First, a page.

“Unfortunately, the third wave of the corona plunged a number of major countries in the region and the world, including India, into crisis,” Ghani said in a televised address. “And our country is facing the threat of the third wave of coronavirus.”

He attempted to assuage concerns that the country's poor healthcare system will be unable to cope with the third wave of the pandemic. Ghani assured Afghans that his government is working to increase the capacity of hospitals, mitigate the damage caused by COVID-19 and try to return life to normal life.

They doctors are already warning of acute shortages. Abdullah Dawari, a doctor at the COVID-19 ward in the Afghan Japan Hospital in Kabul, told Radio Free Afghanistan that no hospital with COVID-19 has enough oxygen. "Ali Jinnah, Red Cross, and other private hospitals are lacking oxygen,” he said while naming the major hospitals in the Afghan capital. “They need oxygen in every possible way and by whatever means possible.”

Calls For Help

Kabul is scrambling for international help. The Foreign Affairs Ministry has called on neighboring countries for immediate assistance with medical equipment, including oxygen. Ministry spokesman Gran Hiwad told Radio Free Afghanistan that Foreign Minister Mohammad Hanif Atmar on June 4 called on Afghan ambassadors in the region to seek medical assistance.

Afghanistan has already received more than a 1.5 million doses of the coronavirus vaccines from India, China, and the global COVAX vaccine distribution program. Kabul is expecting to receive another 700,000 doses of the Sinopharm vaccine this week. Most of the jabs have gone into the arms of the more than 300,000 Afghan soldiers.

In recent days, some international organizations have announced plans to assist Afghanistan with equipment and other facilities. The World Health Organization said on June 8 that it is assisting another Kabul-based hospital.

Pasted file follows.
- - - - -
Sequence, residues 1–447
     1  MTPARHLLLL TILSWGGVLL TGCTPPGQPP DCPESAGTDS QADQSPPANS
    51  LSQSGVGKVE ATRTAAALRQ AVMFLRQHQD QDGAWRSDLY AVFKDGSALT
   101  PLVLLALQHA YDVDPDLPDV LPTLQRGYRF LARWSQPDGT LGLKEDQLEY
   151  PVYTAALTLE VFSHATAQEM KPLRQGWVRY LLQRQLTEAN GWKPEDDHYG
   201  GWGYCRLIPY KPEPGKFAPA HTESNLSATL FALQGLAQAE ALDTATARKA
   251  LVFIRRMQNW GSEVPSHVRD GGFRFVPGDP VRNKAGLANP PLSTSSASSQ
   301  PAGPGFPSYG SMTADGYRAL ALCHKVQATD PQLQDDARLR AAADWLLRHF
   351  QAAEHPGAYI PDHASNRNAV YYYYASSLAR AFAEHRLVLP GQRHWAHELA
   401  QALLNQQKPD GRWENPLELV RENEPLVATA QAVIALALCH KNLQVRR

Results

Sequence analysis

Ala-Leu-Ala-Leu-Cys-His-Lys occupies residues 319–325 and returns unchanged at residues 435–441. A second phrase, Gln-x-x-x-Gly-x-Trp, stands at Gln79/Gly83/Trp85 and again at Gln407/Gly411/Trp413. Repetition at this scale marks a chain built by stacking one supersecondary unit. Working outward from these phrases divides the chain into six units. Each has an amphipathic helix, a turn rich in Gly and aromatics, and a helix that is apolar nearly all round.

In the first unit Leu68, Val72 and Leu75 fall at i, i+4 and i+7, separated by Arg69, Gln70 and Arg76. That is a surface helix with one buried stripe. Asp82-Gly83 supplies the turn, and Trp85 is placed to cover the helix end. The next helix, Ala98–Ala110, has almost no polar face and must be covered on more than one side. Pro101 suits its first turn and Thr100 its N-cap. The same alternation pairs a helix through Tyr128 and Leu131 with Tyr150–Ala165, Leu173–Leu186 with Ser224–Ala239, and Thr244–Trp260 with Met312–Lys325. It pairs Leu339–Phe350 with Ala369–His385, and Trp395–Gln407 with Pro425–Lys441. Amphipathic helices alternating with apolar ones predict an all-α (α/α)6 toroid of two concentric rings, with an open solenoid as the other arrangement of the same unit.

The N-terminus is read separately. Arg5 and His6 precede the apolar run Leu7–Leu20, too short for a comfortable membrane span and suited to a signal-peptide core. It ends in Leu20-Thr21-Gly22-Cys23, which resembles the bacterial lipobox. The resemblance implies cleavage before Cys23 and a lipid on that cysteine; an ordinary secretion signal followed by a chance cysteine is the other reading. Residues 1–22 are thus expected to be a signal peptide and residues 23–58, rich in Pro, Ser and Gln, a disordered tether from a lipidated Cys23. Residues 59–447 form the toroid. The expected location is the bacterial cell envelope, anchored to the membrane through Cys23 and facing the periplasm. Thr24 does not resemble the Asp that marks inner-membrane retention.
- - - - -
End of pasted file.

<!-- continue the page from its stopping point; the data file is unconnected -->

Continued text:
“With COVID19 cases on the rise, WHO Afghanistan has provided an additional PCR machine to the Afghan Japan Hospital to increase COVID19 capacity. Testing remains a crucial tool for detecting and containing COVID19,” the tweet added.

The third wave of COVID-19 in Afghanistan comes at a critical juncture for the country. In April, U.S. President Joe Biden announced an unconditional and complete U.S. troop withdrawal by September 11. The U.S. Central Command estimates half of the withdrawal is already complete, and it hopes to wrap up the entire process by July.

As the departure leaves behind a weak and vulnerable Afghan government, the Taliban has stepped up its attacks on Afghan forces across the country and has capture several districts in various provinces. Despite U.S. and European assurances, the withdrawal has also raised concerns about the future of military, development, and humanitarian aid to Afghanistan, which will further complicate Kabul’s efforts to contain the pandemic.

Since the detection of the first Afghan coronavirus case in early February 2020, some 85,893 people have contracted the virus while 3,356 have died of COVID-19, according to official figures.